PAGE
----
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Wednesday, February 04, 2015

This is good news

In light of the terrible first-round games this year and the fact that a team with a losing record not only made the playoffs, but made it to the second round, the NFL appears to be backing away from the stupid idea of further expanding the number of teams that make them:
At his pre-Super Bowl press conference last year, NFL Commissioner Roger Goodell said that he thought there were a lot of benefits to expanding the postseason.

Among the benefits he cited were a “more competitive” league with better matchups as the regular season nears its conclusion and “more excitement” for the league’s fans. Talks about adding two teams to the postseason never came to a vote with the owners last spring and there was debate about the need to involve the NFLPA, but Goodell continued to sound optimistic about it when it came up in 2014.

He didn’t sound so optimistic about it during Friday’s pre-Super Bowl press conference.

“The possibility of expanding the playoffs has been a topic over the last couple of years,” Goodell said. “There are positives to it, but there are concerns as well, among them being the risk of diluting our regular season and conflicting with college football in January.”

The latter concern wasn’t aired last year and the better matchups that Goodell mentioned would seem to run counter to the risk of diluting the regular season, so it seems significant that they were specified while the positives were left undiscussed. Owners like John Mara of the Giants and Art Rooney II have come down against the idea since it was broached last year and Goodell’s tone may suggest he’s heard likewise from other owners heading into this offseason.
There is absolutely no good reason to expand the playoffs. If anything, they should be further limited; half the teams in the first round were uncompetitive and didn't belong there. The games are really only reliably interesting at the divisional round anyhow.

Regardless, the current system did manage to not only match up the two best teams, but clarify a pecking order that had been modestly in doubt with regards to the Packers, Cowboys, and Seahawks, and Broncos, Ravens, Colts, and Patriots. It is working, even if the first weekend tends to be a bit boring, so for once Goodell should stop his incessant meddling and stop trying to fix what is quite clearly working.

Fortunately, the fact that the league's more traditional and influential owners are against it should suffice to kill the dumb idea for the rest of Goodell's bumbling reign.

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47 Comments:

Anonymous Peter Garstig February 04, 2015 6:26 AM  

But there will be an 18 game season.

Anonymous Giuseppe February 04, 2015 6:35 AM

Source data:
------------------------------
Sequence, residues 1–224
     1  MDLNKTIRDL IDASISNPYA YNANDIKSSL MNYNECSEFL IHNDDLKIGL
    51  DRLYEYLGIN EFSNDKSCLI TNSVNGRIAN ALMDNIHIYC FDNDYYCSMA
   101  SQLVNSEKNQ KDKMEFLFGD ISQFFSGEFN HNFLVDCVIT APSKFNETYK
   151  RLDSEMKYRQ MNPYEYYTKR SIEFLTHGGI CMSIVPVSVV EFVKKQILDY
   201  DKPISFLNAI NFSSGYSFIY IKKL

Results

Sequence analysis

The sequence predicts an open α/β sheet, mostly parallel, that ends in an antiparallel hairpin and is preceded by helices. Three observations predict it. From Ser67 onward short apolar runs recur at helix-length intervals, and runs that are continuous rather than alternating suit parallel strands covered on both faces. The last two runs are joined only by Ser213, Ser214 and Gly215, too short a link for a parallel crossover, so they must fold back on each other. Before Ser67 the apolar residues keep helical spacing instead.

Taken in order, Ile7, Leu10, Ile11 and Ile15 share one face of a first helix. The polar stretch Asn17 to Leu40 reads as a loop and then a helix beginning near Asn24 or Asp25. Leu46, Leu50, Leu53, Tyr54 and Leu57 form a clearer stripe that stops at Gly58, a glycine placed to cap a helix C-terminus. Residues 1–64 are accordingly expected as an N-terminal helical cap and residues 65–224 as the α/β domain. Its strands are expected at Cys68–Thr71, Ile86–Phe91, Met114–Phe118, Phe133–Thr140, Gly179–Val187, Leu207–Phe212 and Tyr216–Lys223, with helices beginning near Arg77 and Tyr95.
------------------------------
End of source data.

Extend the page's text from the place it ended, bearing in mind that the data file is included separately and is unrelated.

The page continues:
OT - very OT. Is there any chance of an Ilk forum? Some of the threads are very informative/useful, but by the time someone catches up there are six new posts and... Much is lost in our ever forward VP progress...case in point was the discussion about evil between Chris, Nate and wrf3. With which in my neochristianology I disagree with them en masse since I think evil is observably a thing, and not merely the absence of good.

Blogger Vox February 04, 2015 6:46 AM  

Is there any chance of an Ilk forum?

Probably not. I don't like forums. They always seem to end up full of spam and useless trash. And it's not that hard to search the blog; I do it all the time when I need something.

What would be useful would be some sort of grand index, but I'm far too busy to even think about that sort of thing.

Anonymous Giuseppe February 04, 2015 6:51 AM  

Understandable. I am not technologically au fait enough to know, but is there a chance to have a "closed" forum. That is, a forum where only people with rigorous and onerous registration can comment or upload stuff, so the spam issue is not even started. Call it a church of Vox or something, rather than an open forum. I'd be willing to chip in cash for something like that.

Blogger YIH February 04, 2015 7:26 AM  

Peter Garstig:
But there will be an 18 game season.
That's probably less likely than more playoff teams (not that there should be more of them).
About the only way to get the NFLPA on board with such an idea would be to take the last two weeks of preseason and make them the first two weeks of the expanded regular season.
Which means the owners wouldn't support it due to pressure from the coaches.

Blogger Nate February 04, 2015 7:34 AM  

This comment has been removed by the author.

Blogger Josh February 04, 2015 7:42 AM  

Jason illegal!

Anonymous Stg58 / Animal Mother February 04, 2015 7:45 AM  

Giuseppe,

Are you on Facebook?

Anonymous WCU February 04, 2015 7:47 AM